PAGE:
Reading on a Sunday is a luxury for me. It's not a terribly over-scheduled day for my family, but having the kids around and keeping them entertained usually means little down time for me. Today, however, everyone slept in. Miracle! So I had some time to read in bed in the morning. Unheard of!
I picked up my copy of Sarah Orne Jewett's The Country of the Pointed Firs, and read for an uninterrupted half hour. Bliss!
I had heard of Jewett but had never read her. What pushed me to finally read her was her inclusion in the list of "outmoded" authors for the Outmoded Authors challenge. Then I read Stefanie's review of The Country of the Pointed Firs for this challenge, and I remember her saying that the characters in the book were people she liked, and felt as if she knew.
This is true for me, too. I've spent the last few evenings and this morning reading The Country of the Pointed Firs, and getting to know the quirky characters who populate a small coastal Maine town a hundred or more years ago. The stories are all about character. They are really more like sketches than stories; not plot-driven, but beautifully evoked scenes of people's lives. I read a little about Jewett on the internet, and saw that she had been criticized for failing to provide driving plots in her work. I don't mind that at all, if I know that's what I'm in for.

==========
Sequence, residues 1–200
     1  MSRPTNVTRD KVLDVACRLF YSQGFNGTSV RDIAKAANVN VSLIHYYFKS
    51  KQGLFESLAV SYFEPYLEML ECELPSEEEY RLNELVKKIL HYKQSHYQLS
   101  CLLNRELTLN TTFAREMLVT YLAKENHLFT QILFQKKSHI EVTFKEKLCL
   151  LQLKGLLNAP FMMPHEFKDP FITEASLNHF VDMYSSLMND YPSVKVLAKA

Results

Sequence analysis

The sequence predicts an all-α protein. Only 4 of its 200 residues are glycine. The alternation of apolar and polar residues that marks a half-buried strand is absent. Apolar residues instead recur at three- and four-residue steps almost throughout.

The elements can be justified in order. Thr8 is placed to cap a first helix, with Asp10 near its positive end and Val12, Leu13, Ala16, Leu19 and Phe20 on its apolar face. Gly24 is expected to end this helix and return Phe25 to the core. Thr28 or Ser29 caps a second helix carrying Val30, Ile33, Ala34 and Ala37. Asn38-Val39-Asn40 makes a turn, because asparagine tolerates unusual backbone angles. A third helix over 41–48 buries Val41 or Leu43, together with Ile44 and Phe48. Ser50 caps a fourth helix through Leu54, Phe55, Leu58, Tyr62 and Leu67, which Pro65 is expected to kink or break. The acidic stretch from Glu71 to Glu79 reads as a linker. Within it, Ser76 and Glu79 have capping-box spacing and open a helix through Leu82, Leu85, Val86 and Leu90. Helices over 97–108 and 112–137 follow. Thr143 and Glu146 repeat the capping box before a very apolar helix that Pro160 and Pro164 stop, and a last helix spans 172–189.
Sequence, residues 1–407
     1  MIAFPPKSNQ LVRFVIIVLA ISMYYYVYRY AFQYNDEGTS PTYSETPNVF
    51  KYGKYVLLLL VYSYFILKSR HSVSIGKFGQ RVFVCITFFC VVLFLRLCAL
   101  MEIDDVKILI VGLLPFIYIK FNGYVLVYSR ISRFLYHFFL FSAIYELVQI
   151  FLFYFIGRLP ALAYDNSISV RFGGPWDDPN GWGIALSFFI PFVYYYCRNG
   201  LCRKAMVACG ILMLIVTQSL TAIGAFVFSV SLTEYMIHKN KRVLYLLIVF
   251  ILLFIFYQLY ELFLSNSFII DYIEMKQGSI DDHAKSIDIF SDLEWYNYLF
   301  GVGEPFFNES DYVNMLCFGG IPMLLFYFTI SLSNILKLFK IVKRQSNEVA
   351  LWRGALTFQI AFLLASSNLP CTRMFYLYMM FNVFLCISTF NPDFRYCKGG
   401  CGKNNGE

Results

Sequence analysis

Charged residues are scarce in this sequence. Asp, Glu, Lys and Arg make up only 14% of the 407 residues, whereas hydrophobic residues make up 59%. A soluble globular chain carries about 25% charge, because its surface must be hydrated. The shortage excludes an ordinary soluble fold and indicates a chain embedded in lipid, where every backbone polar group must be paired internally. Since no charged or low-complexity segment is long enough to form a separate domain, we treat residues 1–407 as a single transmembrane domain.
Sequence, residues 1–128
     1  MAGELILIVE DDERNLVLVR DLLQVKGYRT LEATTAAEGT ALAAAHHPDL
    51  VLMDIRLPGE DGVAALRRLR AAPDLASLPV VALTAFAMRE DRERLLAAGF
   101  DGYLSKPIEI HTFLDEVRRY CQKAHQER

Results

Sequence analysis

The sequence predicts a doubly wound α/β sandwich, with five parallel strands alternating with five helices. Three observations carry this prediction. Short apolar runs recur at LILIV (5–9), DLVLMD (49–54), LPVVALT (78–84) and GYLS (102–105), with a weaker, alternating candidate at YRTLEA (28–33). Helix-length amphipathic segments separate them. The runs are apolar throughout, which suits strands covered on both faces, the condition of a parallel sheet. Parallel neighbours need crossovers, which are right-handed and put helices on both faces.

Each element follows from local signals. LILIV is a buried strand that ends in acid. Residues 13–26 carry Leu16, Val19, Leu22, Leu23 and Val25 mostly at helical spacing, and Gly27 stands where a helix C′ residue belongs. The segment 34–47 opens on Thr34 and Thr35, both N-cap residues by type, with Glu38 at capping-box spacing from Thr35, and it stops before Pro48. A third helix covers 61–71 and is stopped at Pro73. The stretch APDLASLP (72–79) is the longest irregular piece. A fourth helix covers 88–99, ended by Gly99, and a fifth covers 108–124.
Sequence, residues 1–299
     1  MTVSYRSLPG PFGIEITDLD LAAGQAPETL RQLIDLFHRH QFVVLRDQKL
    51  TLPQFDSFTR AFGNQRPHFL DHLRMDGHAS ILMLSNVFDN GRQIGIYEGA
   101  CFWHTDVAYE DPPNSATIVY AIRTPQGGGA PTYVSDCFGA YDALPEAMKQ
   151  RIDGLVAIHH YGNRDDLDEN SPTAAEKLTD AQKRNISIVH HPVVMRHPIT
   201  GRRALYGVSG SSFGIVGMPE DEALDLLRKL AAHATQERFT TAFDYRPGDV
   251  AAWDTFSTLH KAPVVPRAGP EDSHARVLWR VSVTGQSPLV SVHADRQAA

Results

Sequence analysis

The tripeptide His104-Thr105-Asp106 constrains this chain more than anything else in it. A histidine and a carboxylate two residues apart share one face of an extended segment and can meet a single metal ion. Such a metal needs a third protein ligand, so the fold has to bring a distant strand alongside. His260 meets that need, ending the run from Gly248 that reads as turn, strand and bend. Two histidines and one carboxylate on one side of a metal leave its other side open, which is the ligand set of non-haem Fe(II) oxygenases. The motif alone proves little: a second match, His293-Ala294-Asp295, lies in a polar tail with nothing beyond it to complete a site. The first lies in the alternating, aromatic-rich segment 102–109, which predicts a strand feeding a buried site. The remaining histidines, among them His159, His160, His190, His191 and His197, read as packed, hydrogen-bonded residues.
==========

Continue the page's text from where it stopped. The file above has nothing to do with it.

I also read about Jewett that she had grown up in a house full of books, and she was "virtually fed on words." How wonderful!
Jewett also writes beautifully about nature and the landscape. The town and the countryside around it are as much characters in the stories as the people who live there. I particularly love Jewett's portrayal of the main character's landlady, an herbalist who grows and gathers herbs and makes the various syrups and elixirs that the townspeople use as tonics and medicines.
I'm happy to have had a few moments today to read this book, with its gentle humor and quiet pace.